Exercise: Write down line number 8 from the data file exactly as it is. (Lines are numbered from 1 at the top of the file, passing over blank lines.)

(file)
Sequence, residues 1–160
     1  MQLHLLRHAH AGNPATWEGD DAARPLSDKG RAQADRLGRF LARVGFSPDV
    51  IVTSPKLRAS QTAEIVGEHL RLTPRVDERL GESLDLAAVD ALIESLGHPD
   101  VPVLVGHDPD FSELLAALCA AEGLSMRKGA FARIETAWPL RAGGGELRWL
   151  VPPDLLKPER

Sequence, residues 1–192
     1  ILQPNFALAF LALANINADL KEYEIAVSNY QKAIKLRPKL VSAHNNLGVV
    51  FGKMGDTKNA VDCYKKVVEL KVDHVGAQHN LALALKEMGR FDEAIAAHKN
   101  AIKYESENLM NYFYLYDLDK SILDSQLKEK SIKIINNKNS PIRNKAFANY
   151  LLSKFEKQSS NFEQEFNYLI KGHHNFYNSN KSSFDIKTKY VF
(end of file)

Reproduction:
    51  FGKMGDTKNA VDCYKKVVEL KVDHVGAQHN LALALKEMGR FDEAIAAHKN